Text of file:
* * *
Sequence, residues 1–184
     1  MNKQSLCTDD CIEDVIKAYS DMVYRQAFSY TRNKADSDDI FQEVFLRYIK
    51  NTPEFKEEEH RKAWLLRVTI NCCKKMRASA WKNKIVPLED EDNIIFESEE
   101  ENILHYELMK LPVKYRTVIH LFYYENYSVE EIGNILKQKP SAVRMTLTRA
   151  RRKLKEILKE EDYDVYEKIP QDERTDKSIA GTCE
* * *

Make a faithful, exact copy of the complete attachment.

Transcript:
Sequence, residues 1–184
     1  MNKQSLCTDD CIEDVIKAYS DMVYRQAFSY TRNKADSDDI FQEVFLRYIK
    51  NTPEFKEEEH RKAWLLRVTI NCCKKMRASA WKNKIVPLED EDNIIFESEE
   101  ENILHYELMK LPVKYRTVIH LFYYENYSVE EIGNILKQKP SAVRMTLTRA
   151  RRKLKEILKE EDYDVYEKIP QDERTDKSIA GTCE